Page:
This is Brian Patrick, Producer/ Director of the movie "Burying The
Past: Legacy of The Mountain Meadows Massacre."
I am writing to ask for your help. I have been trying very, very hard to get "Burying The Past: Legacy of The Mountain Meadows Massacre" broadcast on Public Television. I believe this is a story that deserves a nationwide audience. I receive numerous e-mails asking when the film is going to be on PBS from people who think this is a film that should play on a national level. The film is under consideration right now for a PBS program called "P.O.V." which stands for "Point of View." I have been told that my only chance is a grassroots movement by people writing in to P.O.V. and asking them to broadcast it. If you are moved by the film, I would be so grateful if you would be kind enough to take the time to write something on its behalf. You can e-mail P.O.V. your thoughts at their e-mail address: firstname.lastname@example.org
If you would prefer to send a letter through the mail, their address is:
Perhaps if we work together, we can get this story out there. Please pass this along to anyone you feel may be willing to help. Thank you so much for your support.
"Burying The Past" has taken me six years to complete. I came upon the idea when I saw an article in the Salt Lake Tribune about these age-old enemies who were attempting to forgive each other. With all of these warring factions in the world today and the cycle of vengeance they perpetuate, it was inspiring to me to see an attempt at reconciliation. It was the humanity of the story which I found in the descendants of the massacre that I was drawn to, and wanted to bring out. I think that the film shows how difficult it is for opposing cultural groups to come together.
I feel very strongly that this is a story that deserves to be told. Many people have never learned of this tragic event. It is an event that has been kept out of history books, that is not taught to children in schools, even though it is the biggest massacre of White Americans by other White Americans before Oklahoma City, and one of the most despicable crimes in the history of the American West. What took place at Mountain Meadows is still shrouded in controversy, and many people would prefer that the massacre remain forgotten. It was a difficult and risky film to make in Utah, balancing between the Church and the State, and the many people that had vested interests its outcome. The truth of what happened has been obscured by the Mormon Church's cover up, but events unfold in the film revealing evidence that is hard to deny. I'm very proud that the film captures some of the most powerful, documented evidence of what really happened at Mountain Meadows one hundred and forty seven years ago.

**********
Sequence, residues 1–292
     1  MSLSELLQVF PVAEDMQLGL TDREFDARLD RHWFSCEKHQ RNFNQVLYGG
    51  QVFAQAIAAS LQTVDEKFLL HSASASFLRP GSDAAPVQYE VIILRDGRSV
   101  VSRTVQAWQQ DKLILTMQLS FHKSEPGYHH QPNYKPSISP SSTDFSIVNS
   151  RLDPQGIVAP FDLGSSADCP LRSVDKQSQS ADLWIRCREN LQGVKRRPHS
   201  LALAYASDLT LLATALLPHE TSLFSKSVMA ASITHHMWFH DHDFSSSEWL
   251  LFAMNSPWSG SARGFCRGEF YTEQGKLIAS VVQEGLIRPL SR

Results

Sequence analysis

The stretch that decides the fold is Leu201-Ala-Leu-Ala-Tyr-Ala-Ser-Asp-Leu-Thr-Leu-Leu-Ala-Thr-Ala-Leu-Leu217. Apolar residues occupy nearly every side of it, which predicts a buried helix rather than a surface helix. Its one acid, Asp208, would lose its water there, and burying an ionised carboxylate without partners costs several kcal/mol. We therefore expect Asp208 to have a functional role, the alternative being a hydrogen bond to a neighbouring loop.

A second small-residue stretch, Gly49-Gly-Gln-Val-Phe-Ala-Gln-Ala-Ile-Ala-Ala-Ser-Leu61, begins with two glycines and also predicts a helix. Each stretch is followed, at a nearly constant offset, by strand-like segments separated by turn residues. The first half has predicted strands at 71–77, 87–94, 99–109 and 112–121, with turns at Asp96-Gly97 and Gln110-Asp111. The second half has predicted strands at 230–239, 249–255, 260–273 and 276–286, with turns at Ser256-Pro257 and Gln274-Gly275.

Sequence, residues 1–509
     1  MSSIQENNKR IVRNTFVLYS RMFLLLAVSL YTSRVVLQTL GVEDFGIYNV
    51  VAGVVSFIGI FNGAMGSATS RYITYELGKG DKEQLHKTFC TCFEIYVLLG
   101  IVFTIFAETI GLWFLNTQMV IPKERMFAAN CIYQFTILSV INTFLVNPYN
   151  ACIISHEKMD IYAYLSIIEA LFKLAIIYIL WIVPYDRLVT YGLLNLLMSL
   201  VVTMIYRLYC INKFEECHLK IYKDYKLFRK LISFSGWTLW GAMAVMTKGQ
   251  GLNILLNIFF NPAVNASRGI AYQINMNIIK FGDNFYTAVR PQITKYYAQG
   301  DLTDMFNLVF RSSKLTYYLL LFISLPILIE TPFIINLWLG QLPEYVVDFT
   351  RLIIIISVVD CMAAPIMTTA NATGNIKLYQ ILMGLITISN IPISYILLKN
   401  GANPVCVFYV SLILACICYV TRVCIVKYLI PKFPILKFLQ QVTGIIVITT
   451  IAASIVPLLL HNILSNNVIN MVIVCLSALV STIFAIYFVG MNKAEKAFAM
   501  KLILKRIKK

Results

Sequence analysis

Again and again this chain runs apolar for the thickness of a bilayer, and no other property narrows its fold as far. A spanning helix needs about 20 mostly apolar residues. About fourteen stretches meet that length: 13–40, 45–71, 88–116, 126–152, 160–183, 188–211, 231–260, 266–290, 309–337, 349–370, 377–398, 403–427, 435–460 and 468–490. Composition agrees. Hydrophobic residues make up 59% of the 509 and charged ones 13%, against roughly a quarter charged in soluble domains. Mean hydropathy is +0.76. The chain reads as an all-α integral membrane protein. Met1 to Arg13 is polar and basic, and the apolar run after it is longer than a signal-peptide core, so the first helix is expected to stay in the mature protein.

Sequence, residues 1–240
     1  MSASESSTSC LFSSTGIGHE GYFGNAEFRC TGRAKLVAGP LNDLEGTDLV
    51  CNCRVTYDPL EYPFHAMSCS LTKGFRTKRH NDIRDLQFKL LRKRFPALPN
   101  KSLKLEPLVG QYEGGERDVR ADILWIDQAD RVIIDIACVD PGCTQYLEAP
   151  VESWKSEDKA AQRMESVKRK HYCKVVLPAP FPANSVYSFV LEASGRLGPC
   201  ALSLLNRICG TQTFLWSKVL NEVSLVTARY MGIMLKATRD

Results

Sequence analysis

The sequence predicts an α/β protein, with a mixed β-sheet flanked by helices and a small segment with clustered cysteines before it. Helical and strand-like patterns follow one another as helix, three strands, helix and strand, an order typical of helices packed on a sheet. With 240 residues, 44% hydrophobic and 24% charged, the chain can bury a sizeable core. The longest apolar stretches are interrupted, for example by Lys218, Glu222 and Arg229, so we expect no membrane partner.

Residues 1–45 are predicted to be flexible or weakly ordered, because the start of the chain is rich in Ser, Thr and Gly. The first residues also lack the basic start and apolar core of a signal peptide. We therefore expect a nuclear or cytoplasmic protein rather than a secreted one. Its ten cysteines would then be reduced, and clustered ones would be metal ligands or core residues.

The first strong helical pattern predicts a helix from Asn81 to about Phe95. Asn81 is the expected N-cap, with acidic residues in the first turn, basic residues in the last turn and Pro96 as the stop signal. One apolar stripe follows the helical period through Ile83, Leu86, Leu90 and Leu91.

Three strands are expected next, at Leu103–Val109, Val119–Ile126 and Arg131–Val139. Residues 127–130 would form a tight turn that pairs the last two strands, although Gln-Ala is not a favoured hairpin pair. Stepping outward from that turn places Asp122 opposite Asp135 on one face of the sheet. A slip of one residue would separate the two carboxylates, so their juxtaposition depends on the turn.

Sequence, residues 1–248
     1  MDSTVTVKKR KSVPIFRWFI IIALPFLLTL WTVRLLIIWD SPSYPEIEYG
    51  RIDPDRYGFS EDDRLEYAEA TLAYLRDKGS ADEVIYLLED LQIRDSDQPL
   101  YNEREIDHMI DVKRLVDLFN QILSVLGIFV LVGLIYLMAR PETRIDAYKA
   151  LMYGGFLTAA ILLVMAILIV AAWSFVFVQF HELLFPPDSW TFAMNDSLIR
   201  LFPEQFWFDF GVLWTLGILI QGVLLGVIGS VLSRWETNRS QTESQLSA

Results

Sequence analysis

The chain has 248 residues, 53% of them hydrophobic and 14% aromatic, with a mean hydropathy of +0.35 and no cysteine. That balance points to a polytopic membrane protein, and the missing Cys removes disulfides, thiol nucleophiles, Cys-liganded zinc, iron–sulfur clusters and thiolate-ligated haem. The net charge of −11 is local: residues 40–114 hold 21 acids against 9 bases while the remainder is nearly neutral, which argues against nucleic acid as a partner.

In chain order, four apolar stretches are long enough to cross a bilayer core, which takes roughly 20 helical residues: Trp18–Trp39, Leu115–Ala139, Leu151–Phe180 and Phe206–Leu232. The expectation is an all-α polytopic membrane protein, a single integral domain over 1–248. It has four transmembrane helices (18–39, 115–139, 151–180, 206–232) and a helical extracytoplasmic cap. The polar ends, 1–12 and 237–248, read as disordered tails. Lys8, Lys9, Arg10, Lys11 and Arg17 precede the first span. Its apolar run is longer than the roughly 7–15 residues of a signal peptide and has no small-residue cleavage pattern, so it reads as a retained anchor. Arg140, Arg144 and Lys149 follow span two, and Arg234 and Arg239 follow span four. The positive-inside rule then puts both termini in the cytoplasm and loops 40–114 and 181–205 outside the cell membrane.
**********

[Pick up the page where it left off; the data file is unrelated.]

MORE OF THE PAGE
This last year has been quite a journey with the film. I have traveled to many film festivals and have been fortunate to show the film to some of the descendants of the victims. On September 11, 2004 the anniversary of the massacre — I had a chance to take the film back to the descendants in Harrison, Arkansas where the wagon train party originated from. When these people respond so emotionally to the film it makes me feel like I really accomplished something. I think for these people, the film has given them a voice that has never been heard before. In the end, the story of how these two groups came together in a spirit of reconciliation was at the core of why I made the film in the first place. I hope you find the story as fascinating as I have while making it.
~WINNER OF 11 AWARDS~
"Brilliantly Honest...they will come
back to this film decades from now."
"Beautifully produced...weaves and
tightens into a shocking web of injustice. 5 stars!"
the Past is astute and brave and, contrary to the current fashion in
documentaries, fastidiously fair to all concerned. I give it an A."
HONORS AND AWARDS: